The Jerusalem Planning and Building Committee is to consider a plan for a new national park in the Mount Scopus area, which Palestinian residents and leftist activists say is designed to block the development of two Palestinian neighborhoods in the east of the city.

The plan's explanatory notes say Mount Scopus' eastern slopes are vital to the area's landscape and archaeology. But the residents of the adjacent Issawiya and A-Tur neighborhoods say the plan aims to prevent these communities from expanding and to enable the building of a Jewish settlement.

What do you think of the Jerusalem park plan? Visit Haaretz.com on Facebook and share your views.

The new national park would be built on 734 dunams, which the Palestinians say is mostly private land.

"They took the whole mountain away from us, there's nothing we can do," says Maluk Abdullah of A-Tur. "It's driving people crazy."

According to a member of Jerusalem's city council, Meretz's Meir Margalit, "This national park is a farce. There's nothing there but rocks and thorns, certainly nothing to justify a national park. The only reason for such a plan is to seize lands and hold them as a reserve for a future settlement, while suffocating the Palestinian neighborhoods."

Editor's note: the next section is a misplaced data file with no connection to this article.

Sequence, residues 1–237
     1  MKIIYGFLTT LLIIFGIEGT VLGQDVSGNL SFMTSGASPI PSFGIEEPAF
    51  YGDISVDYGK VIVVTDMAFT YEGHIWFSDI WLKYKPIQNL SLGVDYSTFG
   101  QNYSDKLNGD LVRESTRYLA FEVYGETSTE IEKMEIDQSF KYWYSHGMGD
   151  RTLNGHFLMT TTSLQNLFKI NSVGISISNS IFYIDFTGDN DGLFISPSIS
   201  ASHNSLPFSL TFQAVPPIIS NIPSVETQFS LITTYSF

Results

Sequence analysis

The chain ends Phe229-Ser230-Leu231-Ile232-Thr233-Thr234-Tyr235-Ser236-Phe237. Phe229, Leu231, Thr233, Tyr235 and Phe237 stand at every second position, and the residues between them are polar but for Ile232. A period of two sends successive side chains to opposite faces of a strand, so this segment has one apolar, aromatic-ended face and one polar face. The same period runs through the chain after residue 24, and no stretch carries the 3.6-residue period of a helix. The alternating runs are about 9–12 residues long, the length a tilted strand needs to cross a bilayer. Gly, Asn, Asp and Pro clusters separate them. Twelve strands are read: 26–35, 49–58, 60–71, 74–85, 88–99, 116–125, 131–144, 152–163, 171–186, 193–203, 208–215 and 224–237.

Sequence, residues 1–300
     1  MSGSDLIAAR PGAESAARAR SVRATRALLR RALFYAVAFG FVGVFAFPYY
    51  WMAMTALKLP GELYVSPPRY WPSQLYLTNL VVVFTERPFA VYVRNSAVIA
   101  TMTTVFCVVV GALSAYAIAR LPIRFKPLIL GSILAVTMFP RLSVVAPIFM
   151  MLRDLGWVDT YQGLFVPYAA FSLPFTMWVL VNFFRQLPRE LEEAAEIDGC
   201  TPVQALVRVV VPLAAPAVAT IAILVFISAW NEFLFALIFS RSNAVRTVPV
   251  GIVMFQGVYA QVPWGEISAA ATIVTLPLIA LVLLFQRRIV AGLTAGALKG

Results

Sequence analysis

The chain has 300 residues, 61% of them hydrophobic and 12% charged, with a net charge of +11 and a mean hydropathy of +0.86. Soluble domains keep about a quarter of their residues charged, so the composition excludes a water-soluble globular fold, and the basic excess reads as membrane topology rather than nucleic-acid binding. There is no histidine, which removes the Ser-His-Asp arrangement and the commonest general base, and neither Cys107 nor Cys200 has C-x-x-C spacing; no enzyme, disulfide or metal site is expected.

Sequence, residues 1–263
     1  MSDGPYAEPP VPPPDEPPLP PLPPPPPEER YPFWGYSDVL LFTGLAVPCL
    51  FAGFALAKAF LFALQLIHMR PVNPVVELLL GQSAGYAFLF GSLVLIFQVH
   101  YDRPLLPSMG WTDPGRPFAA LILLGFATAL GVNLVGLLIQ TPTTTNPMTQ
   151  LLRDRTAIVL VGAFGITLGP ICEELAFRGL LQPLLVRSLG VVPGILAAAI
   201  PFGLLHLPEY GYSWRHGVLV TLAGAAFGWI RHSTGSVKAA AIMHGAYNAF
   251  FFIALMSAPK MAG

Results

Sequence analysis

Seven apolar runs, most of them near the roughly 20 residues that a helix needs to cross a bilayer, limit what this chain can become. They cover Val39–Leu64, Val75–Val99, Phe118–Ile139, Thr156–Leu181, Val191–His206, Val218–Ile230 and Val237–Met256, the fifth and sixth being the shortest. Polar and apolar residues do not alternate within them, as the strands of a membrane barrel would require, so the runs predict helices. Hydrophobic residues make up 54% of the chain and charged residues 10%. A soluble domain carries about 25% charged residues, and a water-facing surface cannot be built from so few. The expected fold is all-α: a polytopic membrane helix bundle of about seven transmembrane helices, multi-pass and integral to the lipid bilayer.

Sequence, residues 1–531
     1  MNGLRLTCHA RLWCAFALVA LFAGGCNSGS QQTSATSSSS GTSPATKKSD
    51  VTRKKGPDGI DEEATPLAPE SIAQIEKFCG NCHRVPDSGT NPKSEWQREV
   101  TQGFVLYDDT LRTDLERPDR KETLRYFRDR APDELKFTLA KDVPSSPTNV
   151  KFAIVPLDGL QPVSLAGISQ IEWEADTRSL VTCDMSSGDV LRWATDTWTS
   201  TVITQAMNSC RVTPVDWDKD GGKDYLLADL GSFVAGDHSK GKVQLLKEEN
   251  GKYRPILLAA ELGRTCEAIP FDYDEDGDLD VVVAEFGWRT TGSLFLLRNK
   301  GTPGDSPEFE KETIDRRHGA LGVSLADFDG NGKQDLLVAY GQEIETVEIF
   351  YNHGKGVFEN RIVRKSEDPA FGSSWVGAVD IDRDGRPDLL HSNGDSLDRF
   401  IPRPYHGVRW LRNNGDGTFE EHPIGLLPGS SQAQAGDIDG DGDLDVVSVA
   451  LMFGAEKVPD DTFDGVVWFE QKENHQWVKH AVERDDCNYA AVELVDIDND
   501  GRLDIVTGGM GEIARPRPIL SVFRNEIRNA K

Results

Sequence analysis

Bimkom, a group of planners and architects that addresses human rights issues, has been advancing plans to renovate and expand Issawiya. The park plan scuttles their efforts, they say.

"These two neighborhoods are boxed-in from all sides, they have no other way for development," says architect Efrat Cohen of Bimkom.

The Palestinians fear that building the national park will require tearing down around 15 of their buildings in that area.

Yesterday the National Security Council discussed another controversial plan in the area known as the King's Garden, below the City of David in Silwan. The plan, promoted by Mayor Nir Barkat, calls for the demolishing of 22 Palestinian houses in Silwan and the approving of 66 illegal structures, to build a new tourist site and park. The residents and international community strongly object to the plan.

Right-wing sources say the plan might only be partially approved; that is, the illegal buildings would be approved but the park would not be built.

Another plan to build 1,600 housing units in the Ramat Shlomo neighborhood has been shelved for the time being. This plan's approval in March 2010, during a visit by U.S. Vice President Joe Biden, triggered a diplomatic crisis between Israel and the United States.

The National Housing Committee, which Prime Minister Benjamin Netanyahu set up to encourage construction, was supposed to discuss the plan on December 18, but the session was postponed and the plan is now expected to be processed in the usual procedure, via the planning and building committee.

Read this article in Hebrew